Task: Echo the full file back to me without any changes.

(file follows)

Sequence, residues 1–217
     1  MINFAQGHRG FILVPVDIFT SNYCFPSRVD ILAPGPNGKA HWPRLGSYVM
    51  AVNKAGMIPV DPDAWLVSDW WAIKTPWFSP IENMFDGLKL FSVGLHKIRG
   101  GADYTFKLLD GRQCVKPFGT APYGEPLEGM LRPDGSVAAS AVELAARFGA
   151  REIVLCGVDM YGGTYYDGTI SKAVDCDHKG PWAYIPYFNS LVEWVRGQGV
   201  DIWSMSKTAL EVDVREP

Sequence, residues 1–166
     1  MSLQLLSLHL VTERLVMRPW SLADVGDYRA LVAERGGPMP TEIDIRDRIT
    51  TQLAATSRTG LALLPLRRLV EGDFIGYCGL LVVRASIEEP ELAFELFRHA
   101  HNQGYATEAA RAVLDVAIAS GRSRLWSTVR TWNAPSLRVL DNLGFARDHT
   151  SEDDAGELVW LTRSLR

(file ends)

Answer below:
Sequence, residues 1–217
     1  MINFAQGHRG FILVPVDIFT SNYCFPSRVD ILAPGPNGKA HWPRLGSYVM
    51  AVNKAGMIPV DPDAWLVSDW WAIKTPWFSP IENMFDGLKL FSVGLHKIRG
   101  GADYTFKLLD GRQCVKPFGT APYGEPLEGM LRPDGSVAAS AVELAARFGA
   151  REIVLCGVDM YGGTYYDGTI SKAVDCDHKG PWAYIPYFNS LVEWVRGQGV
   201  DIWSMSKTAL EVDVREP

Sequence, residues 1–166
     1  MSLQLLSLHL VTERLVMRPW SLADVGDYRA LVAERGGPMP TEIDIRDRIT
    51  TQLAATSRTG LALLPLRRLV EGDFIGYCGL LVVRASIEEP ELAFELFRHA
   101  HNQGYATEAA RAVLDVAIAS GRSRLWSTVR TWNAPSLRVL DNLGFARDHT
   151  SEDDAGELVW LTRSLR